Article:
European Car Sales Grew 9.2% in 2015, but Volkswagen Lost The Market

By Staff Writer

Jan 15, 2016 05:16 PM EST

European car gains a strong rise of 9.2% in 2015. The strongest demand was recorded in December, but Volkswagen market showed a decline.

According to Reuters, higher demand in German brand and Jeep sport utility vehicles lifted the European car sales in 2015. However overall sales volume is still below the sales before crisis. This is based on the data released by Association of European Automobile Manufacturer (ACEA) on Friday, January 15.

This result is only now passing levels registered in 2010, immediately after the economic crisis," the association said in a statement. "In other words, the trend is positive but, in absolute terms, volumes remain low."

Nevertheles, European car sales for 2015 reached the highest volume in six year at 14.2 million vehicles

Two German carmakers Daimler and BMW drove the growth, as Daimler rose 17.7% and BMW with 12.3% increase. The demand was high due to their popular Smart and MINI brands. French carmakers, Renault and PSA Peugeot Citroen grow 9.4% and 6%, respectively.

Although its sales upped 6.2% but Volkswagen lost 0.7% of its market to 24.8% following its diesel emissions test-rigging scandal. The scandal in September has declined the sales significantly and drew criticism from autmotive industries, environmentalists and politicians, including German chancellor Angela Merkel.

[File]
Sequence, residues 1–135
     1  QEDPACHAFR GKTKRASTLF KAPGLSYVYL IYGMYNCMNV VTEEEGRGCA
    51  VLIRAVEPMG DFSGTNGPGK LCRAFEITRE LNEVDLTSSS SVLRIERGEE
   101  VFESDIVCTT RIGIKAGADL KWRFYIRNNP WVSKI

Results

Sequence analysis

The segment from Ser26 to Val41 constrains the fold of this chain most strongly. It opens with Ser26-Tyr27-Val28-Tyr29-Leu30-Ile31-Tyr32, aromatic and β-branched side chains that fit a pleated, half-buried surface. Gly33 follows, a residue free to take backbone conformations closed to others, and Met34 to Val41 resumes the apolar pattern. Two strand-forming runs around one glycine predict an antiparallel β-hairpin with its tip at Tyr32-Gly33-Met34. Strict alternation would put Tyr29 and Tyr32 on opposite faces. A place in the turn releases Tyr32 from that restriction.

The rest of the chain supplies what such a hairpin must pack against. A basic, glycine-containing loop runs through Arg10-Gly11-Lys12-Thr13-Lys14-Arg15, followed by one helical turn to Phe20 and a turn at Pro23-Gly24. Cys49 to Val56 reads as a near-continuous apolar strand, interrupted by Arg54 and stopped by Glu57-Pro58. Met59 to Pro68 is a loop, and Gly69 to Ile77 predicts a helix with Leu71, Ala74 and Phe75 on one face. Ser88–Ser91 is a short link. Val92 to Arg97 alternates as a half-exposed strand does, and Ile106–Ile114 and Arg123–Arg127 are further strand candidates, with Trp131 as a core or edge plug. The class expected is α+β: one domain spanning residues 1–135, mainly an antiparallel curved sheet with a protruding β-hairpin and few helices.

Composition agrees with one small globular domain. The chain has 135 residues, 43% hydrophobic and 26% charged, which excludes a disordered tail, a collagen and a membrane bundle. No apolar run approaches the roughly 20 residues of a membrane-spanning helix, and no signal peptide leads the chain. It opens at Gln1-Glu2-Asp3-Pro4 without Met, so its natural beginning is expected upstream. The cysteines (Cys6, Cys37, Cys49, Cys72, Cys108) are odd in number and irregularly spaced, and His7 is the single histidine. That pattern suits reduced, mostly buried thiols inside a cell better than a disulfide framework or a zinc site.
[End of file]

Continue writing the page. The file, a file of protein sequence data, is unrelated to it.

Association of European Automobile Manufacturer, abbreviated by its French name: Association des Constructeurs Européens d'Automobiles or ACEA, is the group of 15 Europe-based manufacturers of car, van, truck and bus. The association was founded in 1991 consist of automakers that has its operation in Europe, includeing Toyota and Ford along with traditional European carmakers like Mercedes Benz, BMW, Renault, Fiat, Scania, Volvo and others.

The ACEA report showed that Volkswagen lost its market to many competitors including Daimler, Renault and Ford Motor. Throughout 2015, the strongest sales in European Union occurred in December. According to Wall Street Journal, the 16.6% surge in December is the strongest monthly rate in the entire year.

In order to regain its reputation, Volkswagen applied a proposal in December with two optional plans: reprograming its vehicles' software or install a component to meet the standards. Bloomberg reported that regulators in the U.S. and EU rejected the term in the proposal this week.

A strong gain in December showed that a popular car still has a good demand in the market. While the sales were still below the volume before the 2010 crisis, but sales in 2015 recorded the six-year high. As for Volkswagen, the company still has to work its way to go back on track.

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